The Joneses Aren't The Problem!
If there's anything the Financial Independence movement hates more than spending $4 a day at Starbucks, it's the Jonses, and what we do to keep up with them. At this point, I've read a significant chunk of the FI blog posts out there, and it seems like every other post has a piece of advice about how you should never try to keep up with these stereotypical consumer who live near you. If you're not familiar with the idea of the "Joneses", they're your basic family who spends more than they make and focus that spending on showing off their own wealth. When we see our neighbors have something nice like a car or a boat or an exotic pet, we feel the urge to get the same thing.
There's even scientific evidence that shows that if our neighbors win a decent sized cash prize, between 2700 AED and 440,000 AED, people who lived close to them but didn't know about the prize, were almost 7% more likely to file for bankruptcy. The paper, from the Federal Reserve Bank of Philadelphia by Sumit Agarwal of Georgetown University, Vyacheslav Mikhed of the Philadelphia Fed, and Barry Scholnick of the University of Alberta, attributed this to people making riskier financial moves when they saw someone around them suddenly spending more money, in order to keep up with their neighbors' perceived level of financial success.
Here in Dubai and the UAE, we are surrounded by the signs of our neighbors' spending. I can't walk down my street without passing a Rolls Royce, a McLaren, and a Ferrari. My neighborhood is loaded with villas worth millions of dirhams. Even as frugal as I am, sometimes I can't stop myself from fantasizing about owning these bright, shiny things. And our Joneses here in the UAE have a major effect on our ability to save money. ServiceMarket and HSBC ran a survey to understand current saving habits in the country. Shockingly, almost a quarter (23%) of UAE working respondents admitted that they are not managing to save anything, while a further third (32%) are saving under 10% of their monthly salary. So that's 55% of foreign workers such as myself who are saving less than 10% here.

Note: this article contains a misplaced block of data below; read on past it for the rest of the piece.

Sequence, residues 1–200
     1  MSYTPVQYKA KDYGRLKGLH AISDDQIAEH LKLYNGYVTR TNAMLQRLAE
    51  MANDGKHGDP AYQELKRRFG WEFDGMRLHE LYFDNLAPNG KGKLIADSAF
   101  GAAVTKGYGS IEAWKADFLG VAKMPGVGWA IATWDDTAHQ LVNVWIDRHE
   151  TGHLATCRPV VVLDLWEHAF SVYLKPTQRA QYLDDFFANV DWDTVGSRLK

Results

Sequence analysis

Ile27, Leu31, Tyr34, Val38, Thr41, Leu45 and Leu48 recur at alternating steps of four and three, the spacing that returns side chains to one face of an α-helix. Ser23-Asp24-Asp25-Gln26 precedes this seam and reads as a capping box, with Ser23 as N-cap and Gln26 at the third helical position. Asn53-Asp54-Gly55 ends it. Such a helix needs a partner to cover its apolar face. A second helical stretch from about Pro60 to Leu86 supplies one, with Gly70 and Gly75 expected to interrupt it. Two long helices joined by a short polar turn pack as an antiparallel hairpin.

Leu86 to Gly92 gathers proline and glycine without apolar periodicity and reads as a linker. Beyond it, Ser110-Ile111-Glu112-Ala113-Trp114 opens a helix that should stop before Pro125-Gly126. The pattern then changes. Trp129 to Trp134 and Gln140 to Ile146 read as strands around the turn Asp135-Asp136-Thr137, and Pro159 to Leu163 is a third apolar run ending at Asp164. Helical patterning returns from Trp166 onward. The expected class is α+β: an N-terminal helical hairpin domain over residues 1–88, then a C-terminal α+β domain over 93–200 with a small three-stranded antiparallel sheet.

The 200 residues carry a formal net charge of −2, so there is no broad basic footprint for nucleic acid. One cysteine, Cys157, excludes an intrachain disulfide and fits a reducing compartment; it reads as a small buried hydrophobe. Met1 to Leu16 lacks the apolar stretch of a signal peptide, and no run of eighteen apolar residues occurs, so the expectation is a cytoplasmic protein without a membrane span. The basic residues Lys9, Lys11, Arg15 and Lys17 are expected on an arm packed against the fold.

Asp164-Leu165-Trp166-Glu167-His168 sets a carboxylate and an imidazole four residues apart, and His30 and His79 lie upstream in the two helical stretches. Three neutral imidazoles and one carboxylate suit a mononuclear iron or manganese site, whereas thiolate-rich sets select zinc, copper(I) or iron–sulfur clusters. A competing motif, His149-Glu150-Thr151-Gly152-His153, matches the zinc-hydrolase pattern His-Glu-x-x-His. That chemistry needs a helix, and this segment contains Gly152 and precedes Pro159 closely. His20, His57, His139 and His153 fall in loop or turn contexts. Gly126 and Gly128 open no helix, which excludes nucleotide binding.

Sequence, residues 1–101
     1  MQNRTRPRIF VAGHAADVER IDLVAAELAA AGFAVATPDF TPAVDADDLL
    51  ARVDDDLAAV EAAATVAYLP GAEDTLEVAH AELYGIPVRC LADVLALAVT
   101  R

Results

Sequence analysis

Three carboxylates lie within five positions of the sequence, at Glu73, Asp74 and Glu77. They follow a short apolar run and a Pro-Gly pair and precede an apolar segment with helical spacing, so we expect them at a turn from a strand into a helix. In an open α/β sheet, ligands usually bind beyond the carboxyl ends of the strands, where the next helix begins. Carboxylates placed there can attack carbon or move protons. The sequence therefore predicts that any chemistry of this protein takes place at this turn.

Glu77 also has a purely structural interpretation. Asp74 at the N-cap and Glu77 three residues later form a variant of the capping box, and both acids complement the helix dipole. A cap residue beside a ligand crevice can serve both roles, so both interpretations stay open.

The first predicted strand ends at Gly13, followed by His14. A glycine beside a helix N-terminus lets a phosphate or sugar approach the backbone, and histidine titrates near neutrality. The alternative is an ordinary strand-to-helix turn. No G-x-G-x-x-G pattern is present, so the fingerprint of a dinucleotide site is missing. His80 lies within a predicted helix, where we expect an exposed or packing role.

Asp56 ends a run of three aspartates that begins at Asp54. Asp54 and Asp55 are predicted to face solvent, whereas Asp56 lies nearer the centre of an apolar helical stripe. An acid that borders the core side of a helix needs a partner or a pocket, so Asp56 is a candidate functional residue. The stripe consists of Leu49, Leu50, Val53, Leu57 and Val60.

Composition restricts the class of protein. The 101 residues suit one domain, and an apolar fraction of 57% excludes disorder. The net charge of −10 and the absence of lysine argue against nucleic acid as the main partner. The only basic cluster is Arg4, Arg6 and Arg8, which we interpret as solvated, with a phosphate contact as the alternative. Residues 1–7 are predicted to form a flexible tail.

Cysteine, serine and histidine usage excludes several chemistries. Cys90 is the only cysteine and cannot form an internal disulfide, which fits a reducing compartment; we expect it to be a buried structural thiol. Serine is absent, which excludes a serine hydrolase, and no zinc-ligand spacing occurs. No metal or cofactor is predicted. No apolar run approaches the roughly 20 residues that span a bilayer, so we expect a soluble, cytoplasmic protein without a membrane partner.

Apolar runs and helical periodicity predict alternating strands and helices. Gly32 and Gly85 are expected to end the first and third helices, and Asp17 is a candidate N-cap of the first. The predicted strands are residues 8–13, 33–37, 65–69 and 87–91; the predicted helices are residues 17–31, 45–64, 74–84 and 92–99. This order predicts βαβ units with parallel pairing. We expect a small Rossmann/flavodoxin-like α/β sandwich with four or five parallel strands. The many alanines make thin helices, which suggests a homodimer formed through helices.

But I think there's hope. And this hope comes from the same social pressure that causes so many to overspend and overextend their finances. All we have to do is look at the Chinese to see how we can make the Joneses work for us.
According to the International Monetary Fund, the Chinese save a staggering 46% of their income, on average. Even for the poorest portion of Chinese citizens, their savings rate is near 20%. As an American, I find this staggering, because in the USA, the savings rate is closer to 4%.
Most researchers attribute the extraordinary Chinese savings rate to cultural factors. They came from great uncertainty in the last century and great hardship, and putting money aside allowed them to have some release of the stress of that turbulence. Saving became a big part of their culture, which meant that it became normal, and therefore socially reinforced. The Joneses in China aren't causing people to spend money they don't have to the point of bankruptcy, those Joneses are making their neighbors think twice before buying, and reinforcing the values that have allowed them to build up significant monetary safety nets.
This leads me to my main point: You just need to pick the right Joneses, ones with the same values as you, or values you aspire to have. Choose the right role models.
You can use that same social pressure to allow you to save money to buy a house or be ready for retirement. All you have to do is find a frugal tribe. There are a lot of options now that didn't exist even a decade ago that can help you. Personal Finance and Financial Independence blogs and Facebook groups like SimplyFI here in the UAE, ChooseFI, or the forums on Mr. Money Mustache are fantastic resources to surround yourself with people who will cheer on your frugal decisions, and castigate you for the times you need a bit of scolding to keep you on financial track. Heck, even I have a Facebook group that will help with this!
We know from research that having people hold you accountable makes people 65% more likely to achieve their goals and resolutions. The American Society of Training and Development (ASTD) did a study on accountability and found that you have a 65% of completing a goal if you commit to someone. If you make an accountability appointment with a partner, your rate of success goes up to 95%.
The key is knowing what you want, and then finding a supportive group of people who can help hold you to your goals. All those other people who don't have the same values will only be distractions. In the UAE, it can often seem like people who want us to spend all our money and then some are all around us. But if you look harder, you will find communities both in person and online that won't drag you down, that will inspire you to reach for and achieve your dreams.
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